LOS ANGELES (AP) — Los Angeles motorists returned to a much more normal commute Monday as an elevated section of a major highway reopened significantly faster than initially expected after an arson incident shut down the road for more than a week.
The stretch of Interstate 10 south of downtown reopened Sunday evening, and authorities reassured commuters that the highway was safe after emergency work to shore up the structure until permanent repairs to burned supports could be completed.
“Yes, the 10 is open,” said Laura Rubio-Cornejo, general manager of the Los Angeles Department of Transportation, during a morning briefing on the status of the interstate, which carries about 300,000 vehicles daily and connects to other major routes.
The early morning inferno on Nov. 11 was fueled by flammable materials stored under the roadway in violation of a company’s lease agreement.
Initial worst-case scenarios indicated that the motorway section would have to be demolished and rebuilt. Officials then said tests showed it could be repaired in three to five weeks and that with massive supports, traffic could return much sooner.
Officials said last week that all lanes were expected to reopen by Tuesday, but postponed it after significant progress in around-the-clock work.
“For us it wasn’t just about speed. We wanted to make sure this thing was safe,” Gov. Gavin Newsom said at a news conference Sunday attended by Vice President Kamala Harris, U.S. Sen. Alex Padilla and Mayor Karen Bass.
“This is a great day in our city,” Bass said. “Let me thank everyone who worked 24 hours to make this effort possible.”
Most repair work will be done below the road surface, but future lane closures are possible, officials said. Some motorway entrances and surrounding roads remained closed, but traffic police officers were deployed to the area to direct traffic.
The Federal Highway Administration last week allocated $3 million in “quick release” funds to repair the damage and said additional funds were available from its emergency relief program.
Investigators did not provide any information about how the fire broke out. On Saturday, the California Department of Forestry and Fire Protection and the state fire marshal’s office said they were asking for help finding a “person of interest,” posting two photos on social media showing a man in his 30s with one Orthosis on right knee showing and obvious burns on left leg.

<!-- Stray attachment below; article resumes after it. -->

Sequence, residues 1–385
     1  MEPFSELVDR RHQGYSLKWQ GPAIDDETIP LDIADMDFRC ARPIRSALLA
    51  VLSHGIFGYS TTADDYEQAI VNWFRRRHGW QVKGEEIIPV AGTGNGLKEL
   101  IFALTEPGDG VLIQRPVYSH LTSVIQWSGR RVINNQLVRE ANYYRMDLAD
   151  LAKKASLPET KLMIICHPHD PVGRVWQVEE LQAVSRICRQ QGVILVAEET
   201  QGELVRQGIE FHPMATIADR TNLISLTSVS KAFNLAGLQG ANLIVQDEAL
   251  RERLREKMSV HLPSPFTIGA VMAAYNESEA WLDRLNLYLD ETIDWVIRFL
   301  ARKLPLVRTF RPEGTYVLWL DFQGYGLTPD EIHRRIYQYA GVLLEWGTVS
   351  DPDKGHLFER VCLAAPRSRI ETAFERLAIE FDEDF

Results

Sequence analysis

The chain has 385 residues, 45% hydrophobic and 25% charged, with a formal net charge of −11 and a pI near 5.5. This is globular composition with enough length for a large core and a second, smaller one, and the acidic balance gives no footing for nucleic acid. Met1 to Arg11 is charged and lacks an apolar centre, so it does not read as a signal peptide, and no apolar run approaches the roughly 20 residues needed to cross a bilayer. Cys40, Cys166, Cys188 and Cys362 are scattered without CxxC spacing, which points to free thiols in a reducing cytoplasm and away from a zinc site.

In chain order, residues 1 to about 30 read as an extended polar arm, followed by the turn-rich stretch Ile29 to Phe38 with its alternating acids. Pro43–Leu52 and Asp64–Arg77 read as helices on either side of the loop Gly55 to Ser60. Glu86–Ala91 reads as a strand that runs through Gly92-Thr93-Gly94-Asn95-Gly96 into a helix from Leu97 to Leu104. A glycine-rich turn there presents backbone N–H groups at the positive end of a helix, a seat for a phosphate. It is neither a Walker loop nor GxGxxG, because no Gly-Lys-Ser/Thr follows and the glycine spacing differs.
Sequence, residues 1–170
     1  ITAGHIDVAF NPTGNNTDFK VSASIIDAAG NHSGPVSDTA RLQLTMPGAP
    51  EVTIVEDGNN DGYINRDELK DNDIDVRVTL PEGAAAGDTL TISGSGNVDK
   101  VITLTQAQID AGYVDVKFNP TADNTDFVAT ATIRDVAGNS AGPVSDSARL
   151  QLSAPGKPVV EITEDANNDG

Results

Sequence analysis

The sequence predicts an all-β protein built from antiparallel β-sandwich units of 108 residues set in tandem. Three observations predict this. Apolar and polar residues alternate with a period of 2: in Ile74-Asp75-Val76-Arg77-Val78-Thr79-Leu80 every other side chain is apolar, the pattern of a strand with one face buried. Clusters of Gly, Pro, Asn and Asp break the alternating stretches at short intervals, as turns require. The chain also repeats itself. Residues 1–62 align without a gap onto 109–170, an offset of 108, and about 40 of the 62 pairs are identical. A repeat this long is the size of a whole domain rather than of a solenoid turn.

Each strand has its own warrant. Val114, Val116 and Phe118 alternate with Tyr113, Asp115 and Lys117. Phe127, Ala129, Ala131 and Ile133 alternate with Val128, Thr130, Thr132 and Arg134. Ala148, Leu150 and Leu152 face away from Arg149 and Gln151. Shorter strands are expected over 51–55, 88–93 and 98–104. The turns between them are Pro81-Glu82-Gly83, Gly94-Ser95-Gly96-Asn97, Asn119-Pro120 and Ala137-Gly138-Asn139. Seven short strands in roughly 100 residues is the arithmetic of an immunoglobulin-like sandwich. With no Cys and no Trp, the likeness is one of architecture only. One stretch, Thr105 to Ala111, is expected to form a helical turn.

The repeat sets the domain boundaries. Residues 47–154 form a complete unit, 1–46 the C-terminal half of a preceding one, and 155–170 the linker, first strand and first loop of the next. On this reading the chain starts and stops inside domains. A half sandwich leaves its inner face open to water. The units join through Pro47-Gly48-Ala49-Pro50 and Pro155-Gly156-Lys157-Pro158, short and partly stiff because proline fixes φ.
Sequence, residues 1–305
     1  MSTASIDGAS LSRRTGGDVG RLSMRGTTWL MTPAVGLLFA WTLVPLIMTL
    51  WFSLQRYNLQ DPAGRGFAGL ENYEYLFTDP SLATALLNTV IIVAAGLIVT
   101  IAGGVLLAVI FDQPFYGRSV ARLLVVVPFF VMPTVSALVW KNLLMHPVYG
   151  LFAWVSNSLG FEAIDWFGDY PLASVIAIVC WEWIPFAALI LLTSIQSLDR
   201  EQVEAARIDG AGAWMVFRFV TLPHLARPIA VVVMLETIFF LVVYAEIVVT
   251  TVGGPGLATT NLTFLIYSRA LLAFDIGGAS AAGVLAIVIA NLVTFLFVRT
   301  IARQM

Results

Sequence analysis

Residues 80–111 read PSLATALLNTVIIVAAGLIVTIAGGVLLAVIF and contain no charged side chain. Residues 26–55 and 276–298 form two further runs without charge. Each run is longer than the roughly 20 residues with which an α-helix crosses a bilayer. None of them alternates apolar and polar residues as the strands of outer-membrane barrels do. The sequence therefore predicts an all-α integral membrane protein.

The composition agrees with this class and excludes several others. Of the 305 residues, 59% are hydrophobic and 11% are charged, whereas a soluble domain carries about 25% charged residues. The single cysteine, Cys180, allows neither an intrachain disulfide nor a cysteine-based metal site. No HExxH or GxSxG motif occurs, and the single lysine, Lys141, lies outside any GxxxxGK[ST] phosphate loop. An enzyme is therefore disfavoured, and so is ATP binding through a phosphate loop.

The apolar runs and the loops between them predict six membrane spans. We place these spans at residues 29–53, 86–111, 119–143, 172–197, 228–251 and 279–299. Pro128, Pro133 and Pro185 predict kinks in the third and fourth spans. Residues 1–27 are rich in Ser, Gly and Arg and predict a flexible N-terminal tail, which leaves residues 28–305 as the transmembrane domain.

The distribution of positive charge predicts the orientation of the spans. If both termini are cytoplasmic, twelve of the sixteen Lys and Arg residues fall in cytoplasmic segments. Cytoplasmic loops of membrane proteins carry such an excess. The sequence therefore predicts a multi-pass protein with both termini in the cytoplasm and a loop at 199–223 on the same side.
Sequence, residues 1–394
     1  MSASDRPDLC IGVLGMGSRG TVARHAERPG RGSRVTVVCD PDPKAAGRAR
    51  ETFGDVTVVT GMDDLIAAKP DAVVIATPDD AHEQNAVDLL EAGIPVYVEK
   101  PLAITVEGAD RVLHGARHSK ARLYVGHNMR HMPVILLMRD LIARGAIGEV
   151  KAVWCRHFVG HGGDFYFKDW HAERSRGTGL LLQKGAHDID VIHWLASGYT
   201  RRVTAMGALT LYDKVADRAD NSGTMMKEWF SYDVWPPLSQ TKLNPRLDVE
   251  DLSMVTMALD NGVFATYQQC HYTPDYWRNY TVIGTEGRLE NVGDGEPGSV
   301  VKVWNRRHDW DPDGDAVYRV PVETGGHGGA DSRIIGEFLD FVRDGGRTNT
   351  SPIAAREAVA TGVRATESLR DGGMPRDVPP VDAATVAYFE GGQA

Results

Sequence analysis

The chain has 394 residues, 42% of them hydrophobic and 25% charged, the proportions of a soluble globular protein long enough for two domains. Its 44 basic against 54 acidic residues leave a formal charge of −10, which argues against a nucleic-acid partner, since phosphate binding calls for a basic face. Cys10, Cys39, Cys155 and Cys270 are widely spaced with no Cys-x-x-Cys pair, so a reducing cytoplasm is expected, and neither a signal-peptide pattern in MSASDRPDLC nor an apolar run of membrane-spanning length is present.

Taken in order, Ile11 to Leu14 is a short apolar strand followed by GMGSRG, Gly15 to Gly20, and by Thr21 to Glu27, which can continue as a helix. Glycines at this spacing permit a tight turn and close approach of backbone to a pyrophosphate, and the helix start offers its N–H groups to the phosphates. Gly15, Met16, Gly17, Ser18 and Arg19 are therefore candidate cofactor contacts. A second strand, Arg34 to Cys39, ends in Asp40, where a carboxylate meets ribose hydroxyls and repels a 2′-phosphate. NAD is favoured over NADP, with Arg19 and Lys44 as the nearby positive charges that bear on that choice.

State investigators had identified fire and safety hazards in a rented storage unit under the highway several times before it burned in the fire, documents show. The California Department of Transportation (Caltrans) released the documents on Friday.
The fire was fueled by pallets, cars, construction materials, hand sanitizer and other items stored under the highway as part of a program currently under review. Newsom said the state would reconsider the practice of leasing such properties.
Apex Development Inc. has leased the land under I-10 since 2008. Although a condition of the contract stipulated that no storage of flammable or hazardous materials would be allowed there, state inspectors have visited the site six times since early 2020 and flagged problematic conditions for years.
“This is a dirty, unkempt lease,” inspector Daryl Myatt wrote in a 2022 report after a surprise inspection discovered solvents, oils, fuels and other items excluded from the agreement. “This area has been used since the mid-1970s and looks like this.”
The owners of two of the businesses that sublet the property said they also warned about the fire risk and other dangers associated with homeless people living under the highway. Newsom previously said that while subleasing can be legal if the company has received permission from state and federal regulators, Apex is not.
In September, state officials filed a lawsuit against Apex, claiming the company owed $78,000 in unpaid rent. A hearing is scheduled next year.
The state’s most recent spot inspection, a little more than a month before the Nov. 11 fire, found “numerous lease violations,” but documents released Friday did not provide further details.
Caltrans has “informed Apex Development of the need to address violations, particularly those that pose safety risks,” the agency said in a statement.
Mainak D’Attaray, a lawyer for Apex Development, said on Wednesday that the company was not responsible for the fire, adding that the company had not had access to the premises since October.
“Apex leased and modernized the dilapidated shipyard and made significant capital investments during the period it owned the shipyard,” D’Attaray’s statement continued. “Caltrans inspected the premises regularly, at least once a year, and CalTrans was fully informed about the subtenants and their operations. Even the California State Fire Department inspected the premises.”
D’Attaray did not respond to a request for comment on Saturday.
Izzy Gardon, a spokesman for the governor, last week contradicted D’Attaray’s statement that Apex was not at fault. Gardon said Cal Fire believes it was caused by arson “in a fenced area that Apex was responsible for maintaining while they continued to enforce rights under the lease.”
No injuries were reported in the fire, but at least 16 homeless people living in a camp there were taken to emergency shelters.
Associated Press writer Sophia Tareen contributed from Chicago.
In this story, the governor’s spokesman’s last name is corrected to Gardon, not Gordon.
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